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Geriatric patients can represent major challenges to the owner as well as the veterinarian. Within the past decade, the improved knowledge base, newer technologies, and additional therapeutic options have allowed today’s veterinarians to meet the medical and behavioural challenges of age-related disease better.
Whether you call these patients geriatric or “mature,” special considerations are required in evaluating, examining, hospitalizing, and generally caring for older pets. However, owners and veterinarians must understand that old age is not a disease, it is a stage of life.
The objectives of a managed program of pet geriatric health care include recognizing and controlling health risk factors, detecting preclinical disease, correcting or delaying the progression of existing disorders, and improving or restoring residual function.
At present, most progressive practitioners recognize that yearly revaccination recommendations are not based on good science. We must be selective about which vaccines are really necessary for each particular patient. Just because a vaccine is available does not mean that it should be used in every patient, regardless of age, health status, and environment.
Older animals (like older humans) tend to get less exercise. This is particularly true of cats, which generally have a more sedentary lifestyle than dogs have. Diminished exercise reduces muscle tone and bone and joint strength increasing the risk of musculoskeletal disease and a tendency toward obesity.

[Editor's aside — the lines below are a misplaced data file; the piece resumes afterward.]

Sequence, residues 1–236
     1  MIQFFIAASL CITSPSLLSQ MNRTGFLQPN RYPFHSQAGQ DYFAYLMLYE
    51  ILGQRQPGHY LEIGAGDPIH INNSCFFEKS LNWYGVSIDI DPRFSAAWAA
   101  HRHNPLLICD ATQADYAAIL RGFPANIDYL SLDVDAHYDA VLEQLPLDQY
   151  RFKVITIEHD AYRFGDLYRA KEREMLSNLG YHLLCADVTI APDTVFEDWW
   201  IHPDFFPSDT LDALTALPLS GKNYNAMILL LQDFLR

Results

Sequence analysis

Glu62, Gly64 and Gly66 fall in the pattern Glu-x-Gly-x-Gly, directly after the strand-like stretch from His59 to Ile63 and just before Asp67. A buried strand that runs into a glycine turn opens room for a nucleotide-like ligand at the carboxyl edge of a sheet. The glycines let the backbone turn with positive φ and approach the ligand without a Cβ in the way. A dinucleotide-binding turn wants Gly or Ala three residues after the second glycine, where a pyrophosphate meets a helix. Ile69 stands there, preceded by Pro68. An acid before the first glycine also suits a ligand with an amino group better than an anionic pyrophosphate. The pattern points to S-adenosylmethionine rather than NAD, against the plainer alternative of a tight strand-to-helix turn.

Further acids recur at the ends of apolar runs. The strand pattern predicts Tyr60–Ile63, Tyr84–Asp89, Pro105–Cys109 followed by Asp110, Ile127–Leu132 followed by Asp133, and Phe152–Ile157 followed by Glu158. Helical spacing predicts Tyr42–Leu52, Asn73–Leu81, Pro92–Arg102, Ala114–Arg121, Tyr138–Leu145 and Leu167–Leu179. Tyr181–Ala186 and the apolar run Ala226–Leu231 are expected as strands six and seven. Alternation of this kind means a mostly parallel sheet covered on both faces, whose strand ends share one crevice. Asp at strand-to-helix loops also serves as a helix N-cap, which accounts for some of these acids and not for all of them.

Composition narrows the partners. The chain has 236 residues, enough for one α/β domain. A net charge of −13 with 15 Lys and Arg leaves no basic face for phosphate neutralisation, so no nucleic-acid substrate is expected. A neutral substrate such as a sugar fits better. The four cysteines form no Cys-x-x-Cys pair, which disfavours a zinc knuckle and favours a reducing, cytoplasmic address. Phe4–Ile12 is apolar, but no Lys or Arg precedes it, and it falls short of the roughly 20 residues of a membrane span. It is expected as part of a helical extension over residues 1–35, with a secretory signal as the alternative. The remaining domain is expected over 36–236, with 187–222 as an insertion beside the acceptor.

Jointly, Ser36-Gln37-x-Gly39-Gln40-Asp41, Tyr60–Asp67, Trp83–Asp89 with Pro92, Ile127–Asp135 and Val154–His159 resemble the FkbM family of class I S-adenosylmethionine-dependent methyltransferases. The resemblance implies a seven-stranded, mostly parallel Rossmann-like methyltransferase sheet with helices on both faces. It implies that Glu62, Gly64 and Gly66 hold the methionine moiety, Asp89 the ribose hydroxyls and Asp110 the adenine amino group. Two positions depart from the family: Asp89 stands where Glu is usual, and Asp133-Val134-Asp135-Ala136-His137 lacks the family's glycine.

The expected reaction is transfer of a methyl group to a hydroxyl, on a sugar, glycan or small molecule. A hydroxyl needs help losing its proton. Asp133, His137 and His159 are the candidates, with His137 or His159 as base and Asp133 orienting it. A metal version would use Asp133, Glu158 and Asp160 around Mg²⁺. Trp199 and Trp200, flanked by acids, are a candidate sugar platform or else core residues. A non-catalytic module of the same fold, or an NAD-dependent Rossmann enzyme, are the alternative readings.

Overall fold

Musculoskeletal disease (degenerative joint disease or osteoarthritis) can have different grade of severity in animals; however, it is surprising how often degenerative joint disease is discovered as an incidental finding on x-ray evaluation made to study something else. Sometimes, degenerative joint disease may be a cause of the animal’s “slowing down with age.” In these cases, herbal treatments integrated with conventional drugs or passive movement of the joint combined with a muscle massage may markedly improve the mobility and general well being.
Geriatric animals also have a decreased thirst response. This could lead to dehydration that can obviously compromise already marginally functioning body organs and compound deficiencies in renal function. So it could be very important to prefer a wet diet rather then dry food.